Cornelius Fichtner: Okay, thank you. So what we want to do for the rest of the interview is we want to do a walkthrough, not necessarily a walkthrough of the book that you wrote but we’ll use that as our guide, it’s more a walkthrough of the Project Workflow Management framework. And do you have divided the framework into, if I get this right, there are five frames, is that correct?

Dan Epstein: Four frames.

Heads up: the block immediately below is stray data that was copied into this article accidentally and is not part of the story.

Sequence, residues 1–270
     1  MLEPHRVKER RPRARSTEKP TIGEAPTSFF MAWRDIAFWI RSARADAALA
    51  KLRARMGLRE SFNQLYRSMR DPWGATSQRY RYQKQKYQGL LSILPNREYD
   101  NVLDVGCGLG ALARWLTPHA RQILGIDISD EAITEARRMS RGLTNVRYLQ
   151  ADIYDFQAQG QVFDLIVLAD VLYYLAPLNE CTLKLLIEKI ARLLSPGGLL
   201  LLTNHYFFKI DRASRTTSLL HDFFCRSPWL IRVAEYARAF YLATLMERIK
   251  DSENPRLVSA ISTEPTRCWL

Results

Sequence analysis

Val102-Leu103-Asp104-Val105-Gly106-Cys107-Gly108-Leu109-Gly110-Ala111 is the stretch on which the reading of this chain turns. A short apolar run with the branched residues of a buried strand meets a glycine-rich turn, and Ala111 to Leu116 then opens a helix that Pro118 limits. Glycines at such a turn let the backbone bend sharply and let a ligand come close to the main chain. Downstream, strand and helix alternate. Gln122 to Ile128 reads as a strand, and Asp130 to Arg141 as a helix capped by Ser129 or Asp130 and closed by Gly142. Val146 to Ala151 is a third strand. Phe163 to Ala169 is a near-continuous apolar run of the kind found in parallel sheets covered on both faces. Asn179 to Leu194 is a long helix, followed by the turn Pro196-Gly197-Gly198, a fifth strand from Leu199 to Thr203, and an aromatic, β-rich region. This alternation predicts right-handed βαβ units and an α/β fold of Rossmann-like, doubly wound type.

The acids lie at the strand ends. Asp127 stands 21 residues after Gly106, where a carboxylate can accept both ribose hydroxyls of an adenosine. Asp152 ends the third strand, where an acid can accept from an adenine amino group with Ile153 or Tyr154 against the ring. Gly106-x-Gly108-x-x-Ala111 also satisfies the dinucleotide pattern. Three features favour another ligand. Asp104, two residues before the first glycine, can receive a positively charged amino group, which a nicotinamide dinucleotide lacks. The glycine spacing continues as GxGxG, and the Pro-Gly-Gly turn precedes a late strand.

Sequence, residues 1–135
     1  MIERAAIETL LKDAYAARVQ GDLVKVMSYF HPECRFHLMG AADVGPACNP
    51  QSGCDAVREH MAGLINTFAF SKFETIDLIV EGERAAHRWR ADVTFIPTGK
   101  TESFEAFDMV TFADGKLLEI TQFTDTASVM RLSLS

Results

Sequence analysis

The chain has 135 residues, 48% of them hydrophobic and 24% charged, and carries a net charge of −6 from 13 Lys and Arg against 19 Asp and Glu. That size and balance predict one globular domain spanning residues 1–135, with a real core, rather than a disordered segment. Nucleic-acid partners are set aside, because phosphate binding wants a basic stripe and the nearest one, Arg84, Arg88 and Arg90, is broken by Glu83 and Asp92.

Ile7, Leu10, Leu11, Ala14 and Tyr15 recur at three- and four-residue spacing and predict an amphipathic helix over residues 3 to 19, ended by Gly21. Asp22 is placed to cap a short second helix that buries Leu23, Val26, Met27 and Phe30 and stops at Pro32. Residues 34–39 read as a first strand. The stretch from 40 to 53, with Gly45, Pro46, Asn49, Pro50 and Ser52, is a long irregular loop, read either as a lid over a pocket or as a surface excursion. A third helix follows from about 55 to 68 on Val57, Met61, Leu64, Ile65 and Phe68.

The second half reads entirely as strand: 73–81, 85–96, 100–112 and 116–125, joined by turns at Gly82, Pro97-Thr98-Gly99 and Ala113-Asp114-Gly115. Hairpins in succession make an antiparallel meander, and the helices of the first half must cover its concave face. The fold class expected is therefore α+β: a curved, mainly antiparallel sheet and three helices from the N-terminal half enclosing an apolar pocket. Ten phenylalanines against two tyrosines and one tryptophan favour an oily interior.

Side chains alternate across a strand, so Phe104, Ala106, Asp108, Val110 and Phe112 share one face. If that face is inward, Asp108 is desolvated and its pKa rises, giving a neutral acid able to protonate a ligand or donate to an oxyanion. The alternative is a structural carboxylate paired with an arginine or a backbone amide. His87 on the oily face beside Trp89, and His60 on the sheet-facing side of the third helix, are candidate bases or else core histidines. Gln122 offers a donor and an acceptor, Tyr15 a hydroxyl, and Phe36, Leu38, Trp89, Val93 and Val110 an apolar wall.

Cornelius Fichtner: Four frames.

Dan Epstein: Yes.

Cornelius Fichtner: Okay. In that case, let’s start out. The first one I think is that requirements frame, right. What happens here?

Dan Epstein: Yes. If you let me mention a couple of other things before we start.

Cornelius Fichtner: Please, please.